Are you in pain?
Pain relief in this country and in other countries, the US especially, has led to a dramatic increase in opioid dependency. Back in the 1990’s pharmaceutical companies advised the medical community that these pain relief products where non-addictive, this led to the levels of prescriptions of products such as, morphine, tramadol and codeine increasing (National Institute for Health, 2019).
Over time, these drugs were diverted and misused leading to the crisis that we see today, with more than 130 people dying per day in the US alone due to overdosing on opioids (National Institute for Health, 2019).
In the UK we have seen a 30% increase in the use of these types of painkillers between 2007 – 2017, this is mirrored by a rising number of overdoses and death. In the UK alone 113,000 opioid prescriptions are dispensed each day (BBC News, 2019). These types of drugs can be useful to relieve pain for a few days, like after an accident or surgery (BBC News, 2019). However, they are no longer recommended for use in the long term due to their highly addictive nature.
Hypnosis however, is a successful pain treatment option to reduce pain intensity or change the experience of pain with few adverse effects (MP, et al., 2006) Research in this area continues to grow each day, but, gaining acceptance of its use in the medical community continues to prove difficult due the differences in expert opinion regarding the core components of hypnosis (Jensen & Patterson, 2014)
Clinical studies on hypnosis on acute and chronic pain demonstrate that hypnosis is effective over and above placebo treatments, having measurable effects on activity in brain areas known to be involved in the processing of pain. (Jensen & Patterson, 2014).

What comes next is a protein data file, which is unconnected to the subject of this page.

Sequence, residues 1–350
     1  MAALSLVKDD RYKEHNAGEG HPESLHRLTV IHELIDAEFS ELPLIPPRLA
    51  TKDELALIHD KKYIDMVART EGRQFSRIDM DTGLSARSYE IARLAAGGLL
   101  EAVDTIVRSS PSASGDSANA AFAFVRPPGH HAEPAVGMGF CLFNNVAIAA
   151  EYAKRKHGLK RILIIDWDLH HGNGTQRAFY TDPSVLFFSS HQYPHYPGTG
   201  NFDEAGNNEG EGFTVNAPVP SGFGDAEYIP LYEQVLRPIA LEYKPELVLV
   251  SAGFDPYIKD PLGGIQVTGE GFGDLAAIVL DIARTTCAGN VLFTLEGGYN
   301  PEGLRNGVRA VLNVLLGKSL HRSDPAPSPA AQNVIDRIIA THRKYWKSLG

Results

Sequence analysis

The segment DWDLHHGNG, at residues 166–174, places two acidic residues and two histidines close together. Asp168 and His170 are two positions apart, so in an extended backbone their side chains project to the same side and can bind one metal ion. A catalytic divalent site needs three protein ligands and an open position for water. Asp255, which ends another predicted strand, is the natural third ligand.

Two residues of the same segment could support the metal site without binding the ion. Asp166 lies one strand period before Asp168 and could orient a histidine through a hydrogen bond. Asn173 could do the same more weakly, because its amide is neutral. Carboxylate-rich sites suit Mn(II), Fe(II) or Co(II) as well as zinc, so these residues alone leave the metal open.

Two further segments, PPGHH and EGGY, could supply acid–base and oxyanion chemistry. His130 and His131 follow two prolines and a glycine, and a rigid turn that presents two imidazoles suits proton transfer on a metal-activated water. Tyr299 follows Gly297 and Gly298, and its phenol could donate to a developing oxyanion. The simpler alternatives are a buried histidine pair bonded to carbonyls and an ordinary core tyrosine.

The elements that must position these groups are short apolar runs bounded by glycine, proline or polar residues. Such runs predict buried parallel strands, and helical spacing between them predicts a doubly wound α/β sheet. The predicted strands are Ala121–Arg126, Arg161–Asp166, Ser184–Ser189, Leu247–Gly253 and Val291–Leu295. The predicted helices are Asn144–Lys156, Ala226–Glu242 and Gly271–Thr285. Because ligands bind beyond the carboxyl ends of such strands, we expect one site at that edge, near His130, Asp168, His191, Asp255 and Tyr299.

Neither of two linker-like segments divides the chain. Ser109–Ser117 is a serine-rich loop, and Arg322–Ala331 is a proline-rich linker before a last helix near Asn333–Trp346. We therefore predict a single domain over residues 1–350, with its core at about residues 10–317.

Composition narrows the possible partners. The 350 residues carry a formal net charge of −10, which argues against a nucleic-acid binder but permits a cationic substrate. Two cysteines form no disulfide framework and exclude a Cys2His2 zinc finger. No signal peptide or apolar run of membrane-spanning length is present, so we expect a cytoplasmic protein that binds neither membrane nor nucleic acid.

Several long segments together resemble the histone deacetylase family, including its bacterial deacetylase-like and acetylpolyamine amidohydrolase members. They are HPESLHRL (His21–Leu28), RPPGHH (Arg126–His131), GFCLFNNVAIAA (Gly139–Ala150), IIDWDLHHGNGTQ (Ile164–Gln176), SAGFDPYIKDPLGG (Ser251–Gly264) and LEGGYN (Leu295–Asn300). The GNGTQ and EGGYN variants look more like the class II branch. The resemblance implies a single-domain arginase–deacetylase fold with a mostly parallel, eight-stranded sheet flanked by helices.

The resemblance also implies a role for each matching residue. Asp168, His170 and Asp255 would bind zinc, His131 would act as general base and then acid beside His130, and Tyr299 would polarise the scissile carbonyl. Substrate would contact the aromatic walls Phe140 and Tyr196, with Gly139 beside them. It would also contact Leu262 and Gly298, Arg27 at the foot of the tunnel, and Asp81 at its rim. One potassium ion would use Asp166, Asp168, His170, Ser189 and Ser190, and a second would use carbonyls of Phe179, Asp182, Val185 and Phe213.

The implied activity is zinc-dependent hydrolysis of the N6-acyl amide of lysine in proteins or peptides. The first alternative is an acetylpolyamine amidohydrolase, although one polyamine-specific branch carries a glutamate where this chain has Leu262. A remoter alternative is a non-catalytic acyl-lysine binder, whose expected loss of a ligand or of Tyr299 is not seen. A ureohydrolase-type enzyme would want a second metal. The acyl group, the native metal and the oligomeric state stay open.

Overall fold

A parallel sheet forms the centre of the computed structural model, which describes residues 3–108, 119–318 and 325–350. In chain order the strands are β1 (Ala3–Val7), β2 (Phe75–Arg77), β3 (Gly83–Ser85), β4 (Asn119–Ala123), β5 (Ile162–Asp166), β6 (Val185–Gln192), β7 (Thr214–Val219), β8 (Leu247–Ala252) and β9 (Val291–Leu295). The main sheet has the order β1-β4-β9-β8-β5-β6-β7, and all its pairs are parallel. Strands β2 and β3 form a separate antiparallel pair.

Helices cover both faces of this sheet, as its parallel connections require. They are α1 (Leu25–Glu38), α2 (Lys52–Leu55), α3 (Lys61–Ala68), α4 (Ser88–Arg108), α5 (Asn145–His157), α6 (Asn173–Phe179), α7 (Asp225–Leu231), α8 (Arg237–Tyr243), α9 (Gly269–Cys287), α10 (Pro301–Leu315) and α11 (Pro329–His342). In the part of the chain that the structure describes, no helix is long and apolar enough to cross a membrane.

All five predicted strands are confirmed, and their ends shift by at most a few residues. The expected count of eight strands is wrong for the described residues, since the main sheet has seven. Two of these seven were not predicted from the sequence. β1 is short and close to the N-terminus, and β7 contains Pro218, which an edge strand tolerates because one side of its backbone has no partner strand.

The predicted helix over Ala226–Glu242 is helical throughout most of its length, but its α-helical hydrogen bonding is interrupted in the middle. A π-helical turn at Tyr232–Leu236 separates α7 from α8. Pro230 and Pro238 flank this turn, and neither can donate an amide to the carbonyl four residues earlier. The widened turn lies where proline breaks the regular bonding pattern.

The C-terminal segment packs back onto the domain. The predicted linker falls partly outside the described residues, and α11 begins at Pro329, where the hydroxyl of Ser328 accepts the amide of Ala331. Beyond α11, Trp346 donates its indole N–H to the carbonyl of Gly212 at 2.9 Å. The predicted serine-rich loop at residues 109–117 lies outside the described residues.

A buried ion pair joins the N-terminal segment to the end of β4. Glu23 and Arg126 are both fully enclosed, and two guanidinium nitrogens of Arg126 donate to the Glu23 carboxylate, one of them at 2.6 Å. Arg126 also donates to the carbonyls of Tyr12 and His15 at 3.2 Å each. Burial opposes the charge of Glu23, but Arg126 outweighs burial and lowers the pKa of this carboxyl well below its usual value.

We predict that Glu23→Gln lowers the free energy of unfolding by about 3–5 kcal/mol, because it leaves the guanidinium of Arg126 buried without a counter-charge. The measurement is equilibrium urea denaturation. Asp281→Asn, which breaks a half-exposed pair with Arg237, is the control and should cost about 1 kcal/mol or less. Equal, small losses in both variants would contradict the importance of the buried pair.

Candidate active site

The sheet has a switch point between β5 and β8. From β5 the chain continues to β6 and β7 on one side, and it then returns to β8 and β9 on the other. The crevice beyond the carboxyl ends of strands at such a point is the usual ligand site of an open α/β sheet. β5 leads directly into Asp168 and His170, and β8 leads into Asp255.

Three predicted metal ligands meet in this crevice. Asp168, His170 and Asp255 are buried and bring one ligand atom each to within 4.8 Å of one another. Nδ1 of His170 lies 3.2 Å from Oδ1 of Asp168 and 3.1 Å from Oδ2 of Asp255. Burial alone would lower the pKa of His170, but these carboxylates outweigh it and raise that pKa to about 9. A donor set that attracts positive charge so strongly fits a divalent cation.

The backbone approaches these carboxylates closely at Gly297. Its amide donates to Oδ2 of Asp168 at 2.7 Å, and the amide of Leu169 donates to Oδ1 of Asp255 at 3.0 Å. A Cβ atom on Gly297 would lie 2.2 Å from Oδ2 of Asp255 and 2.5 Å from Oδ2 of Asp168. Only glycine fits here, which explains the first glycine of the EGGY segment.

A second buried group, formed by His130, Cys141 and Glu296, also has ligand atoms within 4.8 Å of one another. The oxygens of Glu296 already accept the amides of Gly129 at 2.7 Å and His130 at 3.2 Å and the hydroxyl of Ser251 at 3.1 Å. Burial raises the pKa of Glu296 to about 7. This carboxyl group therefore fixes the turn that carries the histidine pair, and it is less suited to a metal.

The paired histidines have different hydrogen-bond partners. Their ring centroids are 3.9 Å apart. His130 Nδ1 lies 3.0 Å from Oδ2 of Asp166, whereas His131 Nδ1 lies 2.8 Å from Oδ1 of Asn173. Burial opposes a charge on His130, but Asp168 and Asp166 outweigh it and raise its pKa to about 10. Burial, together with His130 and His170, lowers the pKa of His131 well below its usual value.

The studies found that hypnosis treatment has two potential effects on chronic pain, firstly on substantial reductions in average pain intensity and secondly on teaching self-management skills that patients can continue to use regularly. Other non-pain related beneficial effects noted included improved positive affect, better quality sleep, relaxation and increased energy (Jensen & Patterson, 2014).
Clinical research into pain now shows us that there is no one “pain centre” in the brain responsible for the processing of pain, we know that pain is activated in several areas of the brain and central nervous system. Hypnosis seems to tackle all the brain areas affected by pain, which is why we see considerable effect in the reduction of pain (Jensen & Patterson, 2014).
Hypnosis works by guiding the subject through focused attention, relaxation, therapeutic attention, ego strengthening, and other elements as required. Taking the focus from the pain, reducing this attention and changing the presentation of the pain using a variety of models which can be tailored to the individual need.
I have a new pain relief group hypnotherapy session starting this week Wednesday 27th March 2019 at Scartho community Library, Grimsby, 11.30-12.30pm £6.
Simply turn up for 11.30am, I will go through this in more detail and deliver a group pain relief hypnotherapy session.
Tara Foulkes MSc.
BBC News. (2019, February 24). Swansea has the worst opiod death rate in England and Wales. Retrieved from BBC News: https://www.bbc.co.uk/news/amp/uk-wales-47350817
Jensen, M. P., & Patterson, D. R. (2014). Hypnotic Approaches for Chronic Pain Management. American Psychological Association, 167-177.
MP, J., KD, M., J, B., MA, H., JM, E., JM, R., . . . DR, P. (2006). Satisfaction with, and the beneficial side effects of hypnotic analgesia. International Journal of Clinical and Experimental Hypnosis, 432-447.
National Institute for Health. (2019, January). Opiod Overdose Crisis. Retrieved from National Institute on Drug Abuse: https://www.drugabuse.gov/drugs-abuse/opioids/opioid-overdose-crisis